At dinner, I sat with friends and strangers, and we all talked as if we had known each other forever. At Ox-Bow, it doesn’t matter if you’ve just met; you’re all there to work hard, have fun, and play with clay. We picked up from dinner and carried our conversations out into the woods and the clay studio. The Ox-Bow veterans offered advice on glazing and some of us made beads while others began loading the kiln.
Once the night fell, I wandered back and forth between the kiln and the fire. I had the chance to talk with one of the visiting artists, Henry Crissman, and some of the other students, about anything from school and work to travel and books. Eventually though, the conversation often came back around to how to stoke the fire and avoid the smoke that kept shifting to blow in our faces. The laughter and conversation there went on well into the late hours of the night.
(above): a lot of the bonding at Ox-Bow happens during meal time; (below): the fully-loaded kiln waits to be fired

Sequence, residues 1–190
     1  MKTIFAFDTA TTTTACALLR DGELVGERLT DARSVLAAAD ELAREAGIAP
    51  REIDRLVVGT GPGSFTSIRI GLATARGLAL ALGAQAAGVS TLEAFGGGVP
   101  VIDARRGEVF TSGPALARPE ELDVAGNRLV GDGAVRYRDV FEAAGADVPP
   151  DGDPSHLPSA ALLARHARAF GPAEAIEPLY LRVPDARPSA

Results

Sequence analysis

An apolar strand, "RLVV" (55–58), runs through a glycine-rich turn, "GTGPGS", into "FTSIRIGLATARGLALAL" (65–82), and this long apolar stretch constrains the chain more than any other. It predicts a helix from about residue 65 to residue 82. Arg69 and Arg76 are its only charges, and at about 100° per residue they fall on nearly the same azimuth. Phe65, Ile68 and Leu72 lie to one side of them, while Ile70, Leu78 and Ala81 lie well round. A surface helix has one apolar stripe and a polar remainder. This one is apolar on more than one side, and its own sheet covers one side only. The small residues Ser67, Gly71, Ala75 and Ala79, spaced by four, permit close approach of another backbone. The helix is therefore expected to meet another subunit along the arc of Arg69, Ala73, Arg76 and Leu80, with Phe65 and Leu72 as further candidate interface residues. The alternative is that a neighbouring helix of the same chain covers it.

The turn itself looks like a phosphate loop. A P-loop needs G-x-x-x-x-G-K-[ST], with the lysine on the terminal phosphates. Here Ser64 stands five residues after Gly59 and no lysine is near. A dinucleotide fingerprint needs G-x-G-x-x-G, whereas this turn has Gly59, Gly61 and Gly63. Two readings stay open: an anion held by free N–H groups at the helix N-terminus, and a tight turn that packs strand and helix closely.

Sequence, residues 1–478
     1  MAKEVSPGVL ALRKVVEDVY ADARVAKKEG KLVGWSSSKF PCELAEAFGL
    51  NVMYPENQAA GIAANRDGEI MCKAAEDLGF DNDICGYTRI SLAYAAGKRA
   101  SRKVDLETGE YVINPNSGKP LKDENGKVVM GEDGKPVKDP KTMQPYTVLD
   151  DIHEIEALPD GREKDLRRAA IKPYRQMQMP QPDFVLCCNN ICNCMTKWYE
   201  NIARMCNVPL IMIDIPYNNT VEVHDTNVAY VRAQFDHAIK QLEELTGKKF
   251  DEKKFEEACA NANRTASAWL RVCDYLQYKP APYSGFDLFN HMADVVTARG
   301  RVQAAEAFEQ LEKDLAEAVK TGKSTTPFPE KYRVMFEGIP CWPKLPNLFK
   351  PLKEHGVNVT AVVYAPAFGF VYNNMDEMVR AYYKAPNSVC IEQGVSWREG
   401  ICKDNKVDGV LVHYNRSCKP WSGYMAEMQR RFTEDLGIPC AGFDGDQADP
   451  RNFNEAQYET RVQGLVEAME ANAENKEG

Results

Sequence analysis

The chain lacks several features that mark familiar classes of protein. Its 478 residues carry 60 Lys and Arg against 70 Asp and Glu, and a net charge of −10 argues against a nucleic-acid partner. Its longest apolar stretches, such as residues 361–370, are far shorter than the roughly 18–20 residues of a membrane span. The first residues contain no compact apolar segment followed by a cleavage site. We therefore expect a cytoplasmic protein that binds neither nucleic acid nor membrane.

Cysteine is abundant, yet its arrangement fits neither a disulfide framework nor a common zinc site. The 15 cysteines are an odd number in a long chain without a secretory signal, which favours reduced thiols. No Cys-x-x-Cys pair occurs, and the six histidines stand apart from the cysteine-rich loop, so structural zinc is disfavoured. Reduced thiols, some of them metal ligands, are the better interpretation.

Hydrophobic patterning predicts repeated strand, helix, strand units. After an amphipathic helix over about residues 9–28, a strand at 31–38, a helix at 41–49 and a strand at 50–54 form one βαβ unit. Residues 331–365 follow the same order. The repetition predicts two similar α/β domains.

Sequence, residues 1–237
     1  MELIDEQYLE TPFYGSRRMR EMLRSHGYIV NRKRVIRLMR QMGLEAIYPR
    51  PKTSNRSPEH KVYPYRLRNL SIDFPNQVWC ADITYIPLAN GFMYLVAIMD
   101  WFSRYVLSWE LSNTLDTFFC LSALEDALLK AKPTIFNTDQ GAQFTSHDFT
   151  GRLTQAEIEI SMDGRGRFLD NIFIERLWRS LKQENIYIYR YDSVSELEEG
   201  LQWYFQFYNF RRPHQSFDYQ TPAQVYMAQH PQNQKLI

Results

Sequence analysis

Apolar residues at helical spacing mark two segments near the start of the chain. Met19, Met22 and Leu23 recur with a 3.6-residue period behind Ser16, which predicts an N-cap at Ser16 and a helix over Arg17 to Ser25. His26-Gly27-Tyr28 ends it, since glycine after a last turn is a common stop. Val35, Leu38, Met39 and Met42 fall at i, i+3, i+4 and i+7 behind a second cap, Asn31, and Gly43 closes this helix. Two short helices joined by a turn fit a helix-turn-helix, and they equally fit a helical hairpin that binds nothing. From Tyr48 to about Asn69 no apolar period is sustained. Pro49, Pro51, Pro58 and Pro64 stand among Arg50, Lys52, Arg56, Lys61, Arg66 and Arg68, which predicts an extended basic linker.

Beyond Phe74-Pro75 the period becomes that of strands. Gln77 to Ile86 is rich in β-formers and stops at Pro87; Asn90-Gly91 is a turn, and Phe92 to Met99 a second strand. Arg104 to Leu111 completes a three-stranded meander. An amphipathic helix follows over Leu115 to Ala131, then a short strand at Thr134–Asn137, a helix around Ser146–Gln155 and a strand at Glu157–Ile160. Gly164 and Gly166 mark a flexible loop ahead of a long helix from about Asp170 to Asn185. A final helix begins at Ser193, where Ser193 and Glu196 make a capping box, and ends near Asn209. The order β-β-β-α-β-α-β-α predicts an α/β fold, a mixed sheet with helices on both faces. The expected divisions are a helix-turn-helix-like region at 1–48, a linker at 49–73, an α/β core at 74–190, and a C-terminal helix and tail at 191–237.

The next morning, the sun was shining and the weather was unusually mild. I was told that autumn at Ox-Bow often meant rain, so it was nice to wake up to such a warm day. Visiting artists Tom Bartel, Sunshine Cobb, and Hiromi Iyoda kicked off the day by grabbing large hunks of fresh clay and jumping right into some demonstrations.
As each artist began to create, students were able to watch them incorporate their styles and develop pieces from the ground up. Seeing this allowed us to get tips on a variety of clay-working techniques and ask questions according to our own interests, whether they concerned functional or sculptural ceramics. Henry Crissman, meanwhile, continued to glaze some special mugs he made that were then fired in the wood kiln.